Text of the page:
If the velocity of an object increases and its mass triples how much does the momentum increase by?

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gsenviro's profile pic

gsenviro | College Teacher | (Level 1) Educator Emeritus

Posted on

Momentum of an object is related to its mass, m and velocity, v. The product of mass and velocity of an object is termed as its momentum. If any of these quantities (mass or velocity or both) changes, object's momentum will change. 

In the given case, the mass triples, i.e. new mass is 3m. Nothing is mentioned about its velocity (except that it increases). Let us assume that it also triples, i.e. new velocity is 3v. Thus, the new momentum of the body is given by 3m x 3v = 9 mv. That is the momentum changes by a factor of 9, the final momentum is 9 times the original momentum. Similarly, any other change in mass or velocity or both can be used to determine the change in momentum.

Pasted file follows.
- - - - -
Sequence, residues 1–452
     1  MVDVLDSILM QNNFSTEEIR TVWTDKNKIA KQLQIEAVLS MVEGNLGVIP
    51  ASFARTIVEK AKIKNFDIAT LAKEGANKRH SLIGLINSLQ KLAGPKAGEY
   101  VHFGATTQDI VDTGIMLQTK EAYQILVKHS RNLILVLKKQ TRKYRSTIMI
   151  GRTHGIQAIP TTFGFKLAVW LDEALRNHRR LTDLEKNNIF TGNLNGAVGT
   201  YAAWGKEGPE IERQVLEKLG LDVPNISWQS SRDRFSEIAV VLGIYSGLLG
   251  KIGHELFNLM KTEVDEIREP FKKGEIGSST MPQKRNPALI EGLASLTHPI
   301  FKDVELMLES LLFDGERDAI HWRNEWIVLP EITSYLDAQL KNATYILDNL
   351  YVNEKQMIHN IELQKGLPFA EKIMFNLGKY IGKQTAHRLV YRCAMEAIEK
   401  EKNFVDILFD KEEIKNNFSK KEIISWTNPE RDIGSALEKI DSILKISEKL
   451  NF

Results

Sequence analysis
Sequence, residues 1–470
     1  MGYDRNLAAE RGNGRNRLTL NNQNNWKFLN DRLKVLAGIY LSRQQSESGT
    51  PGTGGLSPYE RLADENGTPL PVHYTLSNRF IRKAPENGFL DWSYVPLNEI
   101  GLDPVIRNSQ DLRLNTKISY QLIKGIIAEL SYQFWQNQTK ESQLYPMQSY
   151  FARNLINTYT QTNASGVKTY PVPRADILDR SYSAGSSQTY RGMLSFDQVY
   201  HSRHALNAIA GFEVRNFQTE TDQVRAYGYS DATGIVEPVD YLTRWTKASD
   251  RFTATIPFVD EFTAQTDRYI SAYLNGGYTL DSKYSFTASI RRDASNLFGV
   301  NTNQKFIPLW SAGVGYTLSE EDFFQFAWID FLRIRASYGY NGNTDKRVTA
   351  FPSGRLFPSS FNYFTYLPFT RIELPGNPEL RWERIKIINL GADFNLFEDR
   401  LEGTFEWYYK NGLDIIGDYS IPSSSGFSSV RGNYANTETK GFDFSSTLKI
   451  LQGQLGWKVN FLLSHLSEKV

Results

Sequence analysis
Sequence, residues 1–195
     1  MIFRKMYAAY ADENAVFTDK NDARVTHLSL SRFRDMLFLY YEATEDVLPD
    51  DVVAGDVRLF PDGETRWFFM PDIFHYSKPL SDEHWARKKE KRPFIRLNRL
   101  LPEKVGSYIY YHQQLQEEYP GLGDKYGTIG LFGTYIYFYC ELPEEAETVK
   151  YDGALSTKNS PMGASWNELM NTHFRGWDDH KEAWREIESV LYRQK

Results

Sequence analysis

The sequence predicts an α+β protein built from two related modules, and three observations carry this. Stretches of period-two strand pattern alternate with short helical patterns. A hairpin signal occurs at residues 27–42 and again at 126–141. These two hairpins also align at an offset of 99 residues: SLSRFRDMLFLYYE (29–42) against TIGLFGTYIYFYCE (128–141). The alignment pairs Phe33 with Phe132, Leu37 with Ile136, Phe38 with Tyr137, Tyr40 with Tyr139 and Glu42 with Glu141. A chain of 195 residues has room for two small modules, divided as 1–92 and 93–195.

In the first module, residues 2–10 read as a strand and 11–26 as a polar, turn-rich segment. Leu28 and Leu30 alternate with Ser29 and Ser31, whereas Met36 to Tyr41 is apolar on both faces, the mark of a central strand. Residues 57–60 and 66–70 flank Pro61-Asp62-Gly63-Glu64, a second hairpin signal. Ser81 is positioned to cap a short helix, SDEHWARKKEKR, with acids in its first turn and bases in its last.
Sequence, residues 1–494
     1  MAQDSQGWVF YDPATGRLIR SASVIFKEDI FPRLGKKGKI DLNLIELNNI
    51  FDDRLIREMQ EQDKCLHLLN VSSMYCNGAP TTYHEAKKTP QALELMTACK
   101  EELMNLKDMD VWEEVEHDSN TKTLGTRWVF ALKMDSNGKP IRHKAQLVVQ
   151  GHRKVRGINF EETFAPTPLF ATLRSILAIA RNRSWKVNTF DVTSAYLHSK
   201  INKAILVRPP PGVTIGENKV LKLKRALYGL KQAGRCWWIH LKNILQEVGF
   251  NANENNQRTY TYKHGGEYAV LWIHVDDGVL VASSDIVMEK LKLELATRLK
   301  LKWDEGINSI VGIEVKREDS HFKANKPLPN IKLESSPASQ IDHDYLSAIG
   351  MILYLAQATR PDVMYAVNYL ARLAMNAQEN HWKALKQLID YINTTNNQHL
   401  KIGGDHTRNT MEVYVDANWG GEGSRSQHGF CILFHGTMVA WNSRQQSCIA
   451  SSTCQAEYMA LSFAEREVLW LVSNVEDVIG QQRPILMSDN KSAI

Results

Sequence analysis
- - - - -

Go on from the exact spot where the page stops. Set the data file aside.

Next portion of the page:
Hope this helps.

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loves2learn | (Level 3) Salutatorian

Posted on

The formula for momentum is,

`p=mv`

This is very important because it shows by how much the momentum will increase when either the mass or the velocity is increased because there is a direct relationship (as mass or velocity increases, momentum also increases or vice versa).

Therefore, if `m ` is the initial mass and `v ` is the initial velocity, then the initial momentum would be,

`p_o=mv `

Since you did not say how much the velocity increases by, I will choose some arbitrary number, like 2. The mass increases by a factor of 3

Therefore, we get that

`(3m)(2v)=6mv `

Therefore, the momentum of the object increases by a factor of 6 in this scenario.

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